Michelle Carter was 17-years-old when prosecutors contend that she encouraged and pressured Conrad Roy III, her 18-year-old boyfriend, to commit suicide. He did kill himself July 2014 by carbon monoxide poisoning. Carter, now, 20, waived a jury trial and is, instead, relying on Judge Lawrence Moniz to determine the outcome. She stands accused of involuntary manslaughter.

Her lawyers assert that Roy was troubled and looked for ways to kill himself. His mother testified that her son attempted suicide in 2012. He used over-the-counter medication in his failed attempt.

Since, then, according to his mother, his mental health had improved.

Yesterday, prosecutors aim was to depict Carter as fixated on her social status and her social life, which she is accused of seeking to elevate.

After Roy took his own life, she told peers that she listened on the phone as Roy was overcome by carbon monoxide fumes, and she also admitted that she didn’t alert authorities or his family, according to the prosecution.

Peer-to-peer texts led to suggestion defendant see therapist

Four days after Roy died, Carter texted Ali Eithier. They met in 2014 at a summer camp and hardly knew each other. She wrote Eithier that she was talking with Roy on the phone when he committed suicide. She said she heard him dying.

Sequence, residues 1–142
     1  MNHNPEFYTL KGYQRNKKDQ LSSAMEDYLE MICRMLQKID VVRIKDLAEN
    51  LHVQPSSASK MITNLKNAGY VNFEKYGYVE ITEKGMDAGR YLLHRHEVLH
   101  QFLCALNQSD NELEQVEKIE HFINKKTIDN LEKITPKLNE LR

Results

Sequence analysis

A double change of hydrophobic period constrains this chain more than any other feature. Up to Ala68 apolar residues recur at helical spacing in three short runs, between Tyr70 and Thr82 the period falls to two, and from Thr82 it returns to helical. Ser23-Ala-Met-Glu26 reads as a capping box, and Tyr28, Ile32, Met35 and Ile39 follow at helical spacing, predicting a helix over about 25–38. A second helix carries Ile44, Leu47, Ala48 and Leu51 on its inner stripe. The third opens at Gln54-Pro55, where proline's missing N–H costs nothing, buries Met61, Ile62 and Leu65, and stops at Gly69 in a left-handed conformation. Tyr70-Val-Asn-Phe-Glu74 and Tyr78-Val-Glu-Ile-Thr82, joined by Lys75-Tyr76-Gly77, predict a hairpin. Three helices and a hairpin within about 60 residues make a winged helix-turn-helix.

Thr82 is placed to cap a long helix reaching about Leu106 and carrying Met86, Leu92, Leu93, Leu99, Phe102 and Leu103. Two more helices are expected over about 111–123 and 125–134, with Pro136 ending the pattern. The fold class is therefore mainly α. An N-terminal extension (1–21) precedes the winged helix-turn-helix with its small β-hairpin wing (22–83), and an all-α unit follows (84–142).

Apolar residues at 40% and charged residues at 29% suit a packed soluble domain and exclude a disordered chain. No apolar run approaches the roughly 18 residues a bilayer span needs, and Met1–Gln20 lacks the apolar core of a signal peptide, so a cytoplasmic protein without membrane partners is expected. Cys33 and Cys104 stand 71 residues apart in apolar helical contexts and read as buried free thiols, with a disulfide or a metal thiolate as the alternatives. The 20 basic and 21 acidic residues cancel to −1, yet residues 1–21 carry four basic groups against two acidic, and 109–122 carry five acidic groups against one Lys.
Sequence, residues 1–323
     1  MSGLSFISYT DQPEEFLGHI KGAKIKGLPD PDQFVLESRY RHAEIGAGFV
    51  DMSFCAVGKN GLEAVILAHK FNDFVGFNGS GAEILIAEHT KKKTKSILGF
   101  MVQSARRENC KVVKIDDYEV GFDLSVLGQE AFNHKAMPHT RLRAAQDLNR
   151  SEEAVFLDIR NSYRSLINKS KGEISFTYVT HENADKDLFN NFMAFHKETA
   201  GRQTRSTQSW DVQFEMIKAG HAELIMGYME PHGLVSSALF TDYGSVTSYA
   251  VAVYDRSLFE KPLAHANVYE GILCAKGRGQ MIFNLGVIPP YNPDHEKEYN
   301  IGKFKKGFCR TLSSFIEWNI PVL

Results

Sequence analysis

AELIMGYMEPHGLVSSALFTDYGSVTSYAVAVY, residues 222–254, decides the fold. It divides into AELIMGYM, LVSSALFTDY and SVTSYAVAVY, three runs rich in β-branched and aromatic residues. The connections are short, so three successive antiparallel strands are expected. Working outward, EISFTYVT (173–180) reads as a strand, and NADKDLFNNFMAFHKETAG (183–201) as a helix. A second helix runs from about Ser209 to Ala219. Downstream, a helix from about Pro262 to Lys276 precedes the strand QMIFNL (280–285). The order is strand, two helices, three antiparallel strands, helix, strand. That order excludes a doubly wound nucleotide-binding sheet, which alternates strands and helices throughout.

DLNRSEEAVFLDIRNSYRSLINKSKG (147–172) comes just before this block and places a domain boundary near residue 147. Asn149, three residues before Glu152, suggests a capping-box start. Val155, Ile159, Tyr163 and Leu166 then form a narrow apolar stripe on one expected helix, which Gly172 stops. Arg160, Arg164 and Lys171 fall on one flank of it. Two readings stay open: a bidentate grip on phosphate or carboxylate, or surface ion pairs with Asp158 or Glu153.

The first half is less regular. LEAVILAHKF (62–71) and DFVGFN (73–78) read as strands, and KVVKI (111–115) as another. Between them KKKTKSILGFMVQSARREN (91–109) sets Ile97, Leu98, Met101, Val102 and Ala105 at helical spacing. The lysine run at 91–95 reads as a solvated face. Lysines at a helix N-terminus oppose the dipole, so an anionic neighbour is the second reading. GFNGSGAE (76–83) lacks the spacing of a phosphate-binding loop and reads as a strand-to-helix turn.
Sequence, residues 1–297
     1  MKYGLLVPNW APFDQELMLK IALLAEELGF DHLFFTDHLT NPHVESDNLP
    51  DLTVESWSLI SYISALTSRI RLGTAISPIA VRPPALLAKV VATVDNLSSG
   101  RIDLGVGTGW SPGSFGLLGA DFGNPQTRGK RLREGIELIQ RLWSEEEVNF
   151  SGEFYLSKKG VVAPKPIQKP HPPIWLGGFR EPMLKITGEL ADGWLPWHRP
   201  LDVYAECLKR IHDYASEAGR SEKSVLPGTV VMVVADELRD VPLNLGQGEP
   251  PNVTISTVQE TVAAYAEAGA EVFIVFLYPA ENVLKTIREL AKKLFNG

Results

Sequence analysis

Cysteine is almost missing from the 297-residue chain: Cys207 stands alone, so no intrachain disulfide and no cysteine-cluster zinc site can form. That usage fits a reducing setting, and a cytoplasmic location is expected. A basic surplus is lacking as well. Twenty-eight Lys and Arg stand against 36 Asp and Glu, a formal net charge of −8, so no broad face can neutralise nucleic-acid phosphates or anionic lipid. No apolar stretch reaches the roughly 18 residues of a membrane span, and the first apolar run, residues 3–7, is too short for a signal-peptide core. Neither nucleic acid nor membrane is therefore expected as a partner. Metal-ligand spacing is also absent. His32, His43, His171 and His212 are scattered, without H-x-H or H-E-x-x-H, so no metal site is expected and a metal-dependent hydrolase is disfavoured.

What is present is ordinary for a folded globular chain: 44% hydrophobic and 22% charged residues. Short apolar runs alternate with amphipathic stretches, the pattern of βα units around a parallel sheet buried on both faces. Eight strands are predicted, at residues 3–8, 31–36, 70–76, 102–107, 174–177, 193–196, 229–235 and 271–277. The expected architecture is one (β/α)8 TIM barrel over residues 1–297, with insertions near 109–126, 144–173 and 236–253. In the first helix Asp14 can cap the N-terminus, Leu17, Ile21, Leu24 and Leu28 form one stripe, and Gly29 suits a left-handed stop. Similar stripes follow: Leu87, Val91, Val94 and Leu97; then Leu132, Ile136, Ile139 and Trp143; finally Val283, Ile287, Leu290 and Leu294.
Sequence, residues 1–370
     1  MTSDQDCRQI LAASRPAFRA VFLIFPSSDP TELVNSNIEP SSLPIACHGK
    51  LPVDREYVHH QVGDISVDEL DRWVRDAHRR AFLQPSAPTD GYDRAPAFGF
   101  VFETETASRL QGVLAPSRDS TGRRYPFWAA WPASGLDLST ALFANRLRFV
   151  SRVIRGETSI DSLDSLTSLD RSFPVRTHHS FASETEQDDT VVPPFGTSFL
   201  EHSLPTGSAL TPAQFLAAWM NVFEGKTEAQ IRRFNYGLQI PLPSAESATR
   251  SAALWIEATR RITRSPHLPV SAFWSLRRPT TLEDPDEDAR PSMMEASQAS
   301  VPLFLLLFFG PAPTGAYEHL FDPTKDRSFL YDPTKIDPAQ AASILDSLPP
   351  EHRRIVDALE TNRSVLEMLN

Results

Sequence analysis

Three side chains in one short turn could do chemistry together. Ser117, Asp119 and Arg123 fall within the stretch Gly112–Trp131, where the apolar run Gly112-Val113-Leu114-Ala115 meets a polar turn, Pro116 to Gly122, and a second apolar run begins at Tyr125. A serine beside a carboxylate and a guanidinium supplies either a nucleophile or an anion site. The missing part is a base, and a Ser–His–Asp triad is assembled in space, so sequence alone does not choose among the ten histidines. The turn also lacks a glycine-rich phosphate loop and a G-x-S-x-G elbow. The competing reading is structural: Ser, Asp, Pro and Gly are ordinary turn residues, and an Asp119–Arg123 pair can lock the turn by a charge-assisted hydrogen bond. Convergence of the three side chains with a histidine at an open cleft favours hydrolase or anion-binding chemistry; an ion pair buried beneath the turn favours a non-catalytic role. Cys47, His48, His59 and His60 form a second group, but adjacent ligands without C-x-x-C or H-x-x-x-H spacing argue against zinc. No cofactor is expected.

Either told her that she did not know her very well and suggested that Carter see a therapist.

If Carter is convicted, she could spend up to 20 years in prison. She was charged as a youthful offender, Bristol Juvenile Court.

Daniel Medwed is a professor of law and criminal justice, Northeastern University’s School of Law. He said the question is if her despicable behavior constitutes manslaughter under the law.

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He also stated that he doesn’t know that it does.

Even though Roy was vulnerable, Rosanna Cavallaro, who is also a law professor, Suffolk University, said Roy was free to decide. Insistent pressure by Carter wasn’t a crime under the existing law.

Roy repeatedly searched the Internet for ways to kill himself, according to Carter attorneys.

In the days leading to his actual suicide, he tried to kill himself using a generator and trying to fill his truck with carbon monoxide. In the process, though, the generator broke, according to both the prosecution and the defense.

Accused girlfriend sent texts days prior to suicide saying boyfriend was missing

Two days before Roy ended his life, the defendant started sending texts stating that he was missing. Those texts, said prosecutors, were her “dry run.”

In Taunton Juvenile Court, prosecutors read a series of texts aloud, which were sent to friends by the defendant. Carter texted friends and classmates in the hours leading up to when Roy died. She noted that he was missing, but, in reality, she was in constant contact with Roy, prosecutors stated.

Carter and Roy allegedly texted until the time he parked in a lot of a Kmart and turned on a pump he used to generate carbon monoxide in his black Ford F-250. They were on the phone until he died.